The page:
Qwest Communications Chairman and CEO Richard C. Notebaert plans to retire from both positions as soon as a successor can be found, the telecommunications carrier said Monday.
Qwest will commence a search for a replacement immediately, saying that it “plans no changes in strategy or operations” as a result of Notebaert’s departure. The company did not set a timetable for finding a replacement.
The 59-year-old Notebaert has held the two posts since June 2002, and is widely credited with helping restore the former Baby Bell to prominence and sustained profitability, with the company’s stock price more than tripling under his leadership.
Proud of Accomplishments
His tenure spans the telecommunications recovery from the dot-com collapse. He also oversaw the company during two particularly turbulent times, including the period during which Qwest made a strong but unsuccessful bid to buy long-distance carrier MCI, a move that would have significantly raised the company’s national profile; and the accounting scandal that eventually led to former CEO Joseph Nacchio being convicted of insider trading earlier this year.
“I am extremely proud of our accomplishments during the past five years and have full confidence in the leadership at Qwest,” Notebaert said. “The time has come for me to spend more time with family and focus on other commitments. I will leave the company only when the board has selected a leader who shares our vision and will continue to guide Qwest’s solid performance and reputation as a leading national communications provider with a very bright future.”
Notebaert leaves the company facing competitive challenges, but also with a share of the recently awarded Networx contract from the General Services Administration (GSA), which could be worth tens of millions of dollars in coming years.
Qwest shares sagged in morning trading Monday shortly after the news broke, giving up about 4 percent to US$9.76.
While Notebaert helped get Qwest back on its feet, cutting costs and focusing resources on growing businesses such as high-speed Internet access, the company remains one of the smallest of the major telecommunications carriers. Fellow Baby Bells such as Verizon and what is now AT&T have grown through a series of mergers that have given them a broader menu of products — including wireless in many cases — while Qwest remains largely a regional telecommunications provider.
Notebaert’s “leadership in the transformation of Qwest has exceeded all expectations,” said Qwest board member Frank Popoff. “He will leave the company well positioned for future growth and truly will be missed.”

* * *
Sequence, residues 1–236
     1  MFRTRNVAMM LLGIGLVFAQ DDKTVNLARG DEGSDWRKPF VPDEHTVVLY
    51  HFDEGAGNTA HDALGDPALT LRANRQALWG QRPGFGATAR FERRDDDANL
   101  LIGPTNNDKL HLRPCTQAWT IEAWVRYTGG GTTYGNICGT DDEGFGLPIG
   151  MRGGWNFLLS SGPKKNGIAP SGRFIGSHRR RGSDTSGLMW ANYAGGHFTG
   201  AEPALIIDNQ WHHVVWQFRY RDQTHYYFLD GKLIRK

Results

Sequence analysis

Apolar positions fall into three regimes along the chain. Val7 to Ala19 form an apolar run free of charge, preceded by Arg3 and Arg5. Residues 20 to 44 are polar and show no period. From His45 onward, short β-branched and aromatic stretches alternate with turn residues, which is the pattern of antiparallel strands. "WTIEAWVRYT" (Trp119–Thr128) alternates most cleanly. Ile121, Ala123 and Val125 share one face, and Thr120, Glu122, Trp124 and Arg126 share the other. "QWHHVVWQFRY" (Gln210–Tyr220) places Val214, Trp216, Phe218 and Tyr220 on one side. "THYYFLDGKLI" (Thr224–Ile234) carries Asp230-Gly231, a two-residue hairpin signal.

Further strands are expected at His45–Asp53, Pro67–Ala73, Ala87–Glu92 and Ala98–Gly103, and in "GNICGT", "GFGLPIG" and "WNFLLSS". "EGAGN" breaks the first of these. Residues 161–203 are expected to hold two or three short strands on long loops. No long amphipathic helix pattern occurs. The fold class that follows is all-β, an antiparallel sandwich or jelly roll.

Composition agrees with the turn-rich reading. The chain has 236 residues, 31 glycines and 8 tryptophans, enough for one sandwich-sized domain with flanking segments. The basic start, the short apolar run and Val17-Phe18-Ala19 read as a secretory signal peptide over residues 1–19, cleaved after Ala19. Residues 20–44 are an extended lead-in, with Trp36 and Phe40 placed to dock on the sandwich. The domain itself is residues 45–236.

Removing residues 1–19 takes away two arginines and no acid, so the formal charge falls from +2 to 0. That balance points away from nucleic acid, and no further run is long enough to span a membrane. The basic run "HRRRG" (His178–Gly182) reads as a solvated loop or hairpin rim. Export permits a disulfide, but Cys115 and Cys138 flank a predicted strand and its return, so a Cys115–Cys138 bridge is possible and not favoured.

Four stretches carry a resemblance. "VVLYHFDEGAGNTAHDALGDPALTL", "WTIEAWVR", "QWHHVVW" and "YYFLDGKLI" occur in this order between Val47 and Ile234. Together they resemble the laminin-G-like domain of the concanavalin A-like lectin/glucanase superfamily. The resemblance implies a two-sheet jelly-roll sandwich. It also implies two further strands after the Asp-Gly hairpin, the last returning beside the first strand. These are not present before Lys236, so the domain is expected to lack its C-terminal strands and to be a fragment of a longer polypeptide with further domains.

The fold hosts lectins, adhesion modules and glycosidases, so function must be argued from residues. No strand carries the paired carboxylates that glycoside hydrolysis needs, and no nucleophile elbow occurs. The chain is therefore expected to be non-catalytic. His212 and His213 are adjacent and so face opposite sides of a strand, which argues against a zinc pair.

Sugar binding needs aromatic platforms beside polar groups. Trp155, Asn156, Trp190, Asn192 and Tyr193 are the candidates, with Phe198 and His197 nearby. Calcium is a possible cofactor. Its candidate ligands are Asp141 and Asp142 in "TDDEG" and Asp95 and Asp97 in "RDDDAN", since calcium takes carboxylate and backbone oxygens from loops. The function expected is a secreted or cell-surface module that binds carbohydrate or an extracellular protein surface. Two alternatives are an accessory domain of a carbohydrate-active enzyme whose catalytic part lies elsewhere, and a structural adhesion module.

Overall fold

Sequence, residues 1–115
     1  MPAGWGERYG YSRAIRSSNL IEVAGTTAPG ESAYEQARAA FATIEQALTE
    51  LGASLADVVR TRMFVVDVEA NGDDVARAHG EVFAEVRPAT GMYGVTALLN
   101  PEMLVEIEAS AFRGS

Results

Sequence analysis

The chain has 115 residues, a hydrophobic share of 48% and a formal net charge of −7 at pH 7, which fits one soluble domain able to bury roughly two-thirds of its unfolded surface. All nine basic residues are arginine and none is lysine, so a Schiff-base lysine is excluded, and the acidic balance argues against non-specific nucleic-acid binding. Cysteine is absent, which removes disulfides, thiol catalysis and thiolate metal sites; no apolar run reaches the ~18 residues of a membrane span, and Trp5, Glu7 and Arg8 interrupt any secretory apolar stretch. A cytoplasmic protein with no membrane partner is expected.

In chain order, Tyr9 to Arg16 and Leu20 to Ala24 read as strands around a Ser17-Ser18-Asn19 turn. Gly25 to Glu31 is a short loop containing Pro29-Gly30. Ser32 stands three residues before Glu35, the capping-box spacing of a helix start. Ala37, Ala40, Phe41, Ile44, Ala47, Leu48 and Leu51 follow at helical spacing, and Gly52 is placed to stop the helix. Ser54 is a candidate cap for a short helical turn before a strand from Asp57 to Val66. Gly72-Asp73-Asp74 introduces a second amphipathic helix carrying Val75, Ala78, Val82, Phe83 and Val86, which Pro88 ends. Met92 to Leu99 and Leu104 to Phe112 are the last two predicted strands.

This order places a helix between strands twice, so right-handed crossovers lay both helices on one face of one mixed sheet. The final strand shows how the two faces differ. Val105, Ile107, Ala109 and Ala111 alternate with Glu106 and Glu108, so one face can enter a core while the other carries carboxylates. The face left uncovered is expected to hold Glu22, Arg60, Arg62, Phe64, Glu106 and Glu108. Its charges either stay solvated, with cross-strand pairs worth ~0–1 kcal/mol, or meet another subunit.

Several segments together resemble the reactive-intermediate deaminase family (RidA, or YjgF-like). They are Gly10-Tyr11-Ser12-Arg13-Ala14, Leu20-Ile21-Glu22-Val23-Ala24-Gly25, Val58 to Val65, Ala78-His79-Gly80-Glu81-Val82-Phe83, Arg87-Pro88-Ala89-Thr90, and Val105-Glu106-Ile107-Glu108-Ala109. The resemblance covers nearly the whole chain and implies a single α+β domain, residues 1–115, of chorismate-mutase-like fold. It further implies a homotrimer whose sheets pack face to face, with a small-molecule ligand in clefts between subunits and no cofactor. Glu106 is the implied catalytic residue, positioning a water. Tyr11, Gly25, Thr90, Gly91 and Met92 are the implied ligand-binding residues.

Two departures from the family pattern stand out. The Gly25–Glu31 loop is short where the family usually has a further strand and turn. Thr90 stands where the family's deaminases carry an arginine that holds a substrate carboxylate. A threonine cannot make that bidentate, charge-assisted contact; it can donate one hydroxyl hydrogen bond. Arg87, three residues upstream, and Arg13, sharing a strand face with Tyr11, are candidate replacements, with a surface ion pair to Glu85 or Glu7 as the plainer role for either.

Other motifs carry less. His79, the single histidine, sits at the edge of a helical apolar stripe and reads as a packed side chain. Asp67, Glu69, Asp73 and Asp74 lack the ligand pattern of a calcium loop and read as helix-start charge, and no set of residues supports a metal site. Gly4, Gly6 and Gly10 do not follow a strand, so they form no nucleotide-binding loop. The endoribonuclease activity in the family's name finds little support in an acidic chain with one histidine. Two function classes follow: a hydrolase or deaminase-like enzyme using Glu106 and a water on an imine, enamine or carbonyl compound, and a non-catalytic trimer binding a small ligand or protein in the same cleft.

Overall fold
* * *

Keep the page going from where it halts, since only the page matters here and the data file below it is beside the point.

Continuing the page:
Notebaert did manage to pull Qwest into the black after years of financial losses, with the company posting a $543 million profit for 2006, compared to a staggering loss of more than $38 billion in 2002, when the company was continuing to roll out fiber optics networks at a breakneck pace.
Still, those years of losses have taken their toll on Qwest’s balance sheet, with the carrier burdened with nearly $14 billion in debt — half of the debt the company was carrying when he took the helm. That red-inked-stained balance sheet was the main reason by MCI eventually choose to accept a merger proposal from Verizon, even though that carrier was offering a lower per-share price than Qwest at the time.
Notebaert’s career was defined by the deregulation of the telecommunications industry in the U.S., telecom analyst Jeff Kagan told the E-Commerce Times. Before Qwest, he worked at Tellabs, and before that had served as CEO Of Ameritech, a small local phone company that was sold in 1999 to SBC Communications — the carrier now known as AT&T.
“He has always impressed me as one of the CEOs who understood the changes in the industry, before the majority of the others did,” he said. “He has done a tremendous job turning Qwest around during the last few years as CEO. He has taken a different approach from the other Baby Bells and is not aggressively moving into building out their own combined telephone, television and Internet networks.”
Qwest resells Sprint wireless plans, Kagan noted.
“Even though the company is taking a different and slower approach to the changes in the industry, he still took care of job No. 1, which was saving Qwest,” he added. “Qwest is not one of the companies you think about when you think about innovation and new bundled services, but it is a company that has recovered from the brink of oblivion over the last several years and that was all about Dick and the team he put together. Now the question is, will the new Qwest be able to remain competitive as the industry continues to transition and it begins to compete with cable television companies for consumers and with other baby bells for business customers?”
Picking Up the Pieces
Notebaert will likely be remembered for picking up the pieces at Qwest after Nacchio’s departure, which came under a cloud of controversy over how revenues were being accounted for. In April, Nacchio was convicted of insider trading after a jury agreed with prosecutors who said he hid the company’s falling revenues with pumped-up forecasts while selling his own shares.
As for a successor, the search will likely take the board outside the company, where it could find plenty of telecom industry executives with former CEO-level experience thanks to the wave of consolidation that has washed over the sector in recent years.
Though the company claims it does not want or need to change strategy, growth may only come by branching out, said Gartner analyst Edward Paulak.
While Qwest came a long way under the departing CEO “it still has some significant steps to take if it wants to compete with the mega-carriers,” he told the E-Commerce Times.